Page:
“Liu could do that, and I cannot,” the man replied. “I will learn from Liu in this way.”

Confucius heard about this and praised the man, saying he had learned the essence of dignity and virtue. If someone with an ill-intention claims to mimic Liu on the surface, he is just making excuses. 

A Mulberry Picking Girl

Here is a well-known poem about a young woman in the Han Dynasty, which gives us a glimpse into life at the time.

Moshang Sang (At Mulberry Trees by a Road)

The sun rises in the east, lighting up the building of my Qing family;Qin family has a lovely girl,with the name of Luo Fu. Luo Fu likes to pick mulberry leaves for silkworms, at southeast to the city;The bamboo basket has a green silk ribbon, with a laurel tree twig for a handle. Hair is combed as a falling horse bun, she is wearing a pair of pearl earrings;Her silk skirt is apricot yellow,and her silk jacket is purple. People walking by on the road, could not stop looking at her;Young fellows who saw Luo Fu, removed their hats and tidied up head scarves.Those who cultivated land stopped plowing, and those who pulled weeds forgot their hoes;After arriving home, they were upset, for not getting their work done due to looking at Luo Fu. 

A high official from the south, on a wagon pulled by five horses;I sent someone to ask, where did this beautiful girl come from? People replied that the lovely girl, is from the Qin family, and her name is Luo Fu;The officer then asked how old Luo Fu was, and was told that Luo Fu was over 15 and younger than 20.The officer then asked Luo Fu:Will you come and ride with me?Luo Fu came up and replied:How silly this question is!You, officer, already have a wife, and I, Luo Fu, also have a husband. 

Look east at those one thousand men riding their horses, my husband is the lead;How do I tell him apart from the others?My husband rides on a white horse, followed by a black one. A green silk ribbon is tied to the horse’s tail, with a bridle on its head decorated with gold;He also carries a rare Lulu sword, which is worth one thousand pieces of money. At age 15, he was a lower official, by 20, he served in the royal court;At 30, he is a palace attendant, by 40, he is the head of a city. He is very handsome, with fair skin and a nice mustache;Walking with a pace and elegance, he always has good mannersAmong thousands of people sitting there, they all say my husband is special.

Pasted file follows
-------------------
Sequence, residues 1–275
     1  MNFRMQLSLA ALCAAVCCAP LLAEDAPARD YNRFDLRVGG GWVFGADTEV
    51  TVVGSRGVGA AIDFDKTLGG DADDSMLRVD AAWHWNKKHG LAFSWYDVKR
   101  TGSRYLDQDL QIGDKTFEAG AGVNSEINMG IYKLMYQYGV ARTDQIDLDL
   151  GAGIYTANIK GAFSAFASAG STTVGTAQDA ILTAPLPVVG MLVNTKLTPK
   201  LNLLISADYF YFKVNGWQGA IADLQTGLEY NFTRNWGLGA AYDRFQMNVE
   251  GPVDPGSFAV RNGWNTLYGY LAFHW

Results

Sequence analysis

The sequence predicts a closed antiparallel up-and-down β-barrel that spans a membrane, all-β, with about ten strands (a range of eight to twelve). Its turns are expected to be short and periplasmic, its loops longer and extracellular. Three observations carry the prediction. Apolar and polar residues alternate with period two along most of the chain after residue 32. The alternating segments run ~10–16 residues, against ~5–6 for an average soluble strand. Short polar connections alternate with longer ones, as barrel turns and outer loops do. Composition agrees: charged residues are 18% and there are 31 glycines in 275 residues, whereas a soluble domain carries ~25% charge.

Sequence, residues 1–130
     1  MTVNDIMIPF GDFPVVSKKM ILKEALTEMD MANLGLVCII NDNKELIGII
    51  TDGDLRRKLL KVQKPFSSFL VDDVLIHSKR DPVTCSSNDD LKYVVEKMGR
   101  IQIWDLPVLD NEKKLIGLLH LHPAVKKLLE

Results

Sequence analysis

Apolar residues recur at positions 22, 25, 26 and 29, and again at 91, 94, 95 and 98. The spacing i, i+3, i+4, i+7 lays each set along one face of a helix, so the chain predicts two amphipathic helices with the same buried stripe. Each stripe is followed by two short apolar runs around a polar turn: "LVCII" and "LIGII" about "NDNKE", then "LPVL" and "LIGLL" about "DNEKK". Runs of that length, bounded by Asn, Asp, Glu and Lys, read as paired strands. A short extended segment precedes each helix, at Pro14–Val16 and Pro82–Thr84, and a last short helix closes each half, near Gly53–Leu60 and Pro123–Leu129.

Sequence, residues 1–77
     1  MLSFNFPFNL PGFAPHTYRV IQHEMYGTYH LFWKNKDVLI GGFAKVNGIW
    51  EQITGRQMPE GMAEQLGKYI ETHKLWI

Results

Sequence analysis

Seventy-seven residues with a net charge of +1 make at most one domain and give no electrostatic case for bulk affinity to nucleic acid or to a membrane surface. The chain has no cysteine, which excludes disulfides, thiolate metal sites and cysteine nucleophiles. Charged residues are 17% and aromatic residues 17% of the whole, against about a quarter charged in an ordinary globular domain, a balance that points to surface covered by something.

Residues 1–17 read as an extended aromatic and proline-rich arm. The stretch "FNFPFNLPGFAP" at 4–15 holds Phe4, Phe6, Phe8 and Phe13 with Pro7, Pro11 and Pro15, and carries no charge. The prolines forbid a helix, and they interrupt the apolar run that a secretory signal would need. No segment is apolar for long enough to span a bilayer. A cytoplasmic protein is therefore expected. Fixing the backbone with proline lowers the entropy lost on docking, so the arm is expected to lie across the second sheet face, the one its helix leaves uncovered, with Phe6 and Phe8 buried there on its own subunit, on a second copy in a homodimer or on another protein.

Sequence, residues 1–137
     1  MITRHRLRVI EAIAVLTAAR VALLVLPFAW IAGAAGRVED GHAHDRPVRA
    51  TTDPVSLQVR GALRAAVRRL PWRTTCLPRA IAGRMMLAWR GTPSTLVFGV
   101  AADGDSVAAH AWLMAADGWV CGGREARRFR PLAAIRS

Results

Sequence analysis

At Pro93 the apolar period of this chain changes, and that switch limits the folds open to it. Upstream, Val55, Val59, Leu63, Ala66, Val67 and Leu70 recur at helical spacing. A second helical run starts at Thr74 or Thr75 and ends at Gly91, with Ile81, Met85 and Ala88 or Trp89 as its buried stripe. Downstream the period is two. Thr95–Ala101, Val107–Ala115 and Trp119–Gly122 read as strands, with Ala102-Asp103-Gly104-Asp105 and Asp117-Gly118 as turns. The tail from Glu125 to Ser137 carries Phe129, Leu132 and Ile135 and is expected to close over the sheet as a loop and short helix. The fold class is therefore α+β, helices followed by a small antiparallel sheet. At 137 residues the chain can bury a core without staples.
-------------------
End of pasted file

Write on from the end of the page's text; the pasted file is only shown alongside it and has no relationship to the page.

It is worth noting that when people were drawn to Luo Fu’s beauty, they did not have ill thoughts. The only exception was the high official, whom Luo Fu gracefully turned down. 

A poem from the Zhou Dynasty, published in Shijing (Classics of Poetry), also talked about a girl’s dignity and purity:

Han Guang

There are coconut trees in the south, too high to be used for shade;There is a girl out on the river, too dignified to pursue.The Han River is very wide, impossible to swim across under the water;The Yangtze River is very long, impossible to cover the entire length on a small raft. 

This poem implies that when a girl truly has purity and dignity, those who look at her will not have bad thoughts. This is because people know ill thoughts are doomed, just like it is impossible to swim across the Han River underwater, or go through the Yangtze River from beginning to end on a small raft. 

“This Is a Divine Being!”

Guan Yu, a well-known military general during the Han Dynasty, was famous for his bravery, wisdom, and, most importantly, his loyalty. According to Romance of the Three Kingdoms, Guan was once captured by Cao Cao and treated well. Although Cao offered feasts now and then, Guan was not moved and declined all the offers of valuables and beautiful girls. He only accepted a precious horse and said, “As soon as I learn the whereabouts of Liu Bei (a leader that Guan followed), I will go there no matter what.”

At that time, Guan was also responsible for protecting two of Liu’s wives. Seeing Guan was not seduced by wealth, Cao asked Guan to share a room with Liu’s wives at night. Instead, Guan stayed outdoors reading all night and was not tired. Later, Cao gave Guan a mansion. After splitting the mansion into two parts, Guan asked Liu’s wives to stay inside and be guarded by elderly soldiers. Meanwhile, he stayed outside.

The divine also blessed Guan for this loyalty. After Guan left Cao’s place, Wang Zhi, the governor of Xingyang, ordered his subordinate Hu Ban to kill Guan. Curious about what Guan looked like, Hu peeked at him. When he saw Guan’s elegance when reading, he could not help calling out, “This a divine being.” Hearing this sound, Guan spoke with him, and it turned out that Hu’s father was Guan’s friend. Thus Hu helped Guan to reunite with Liu.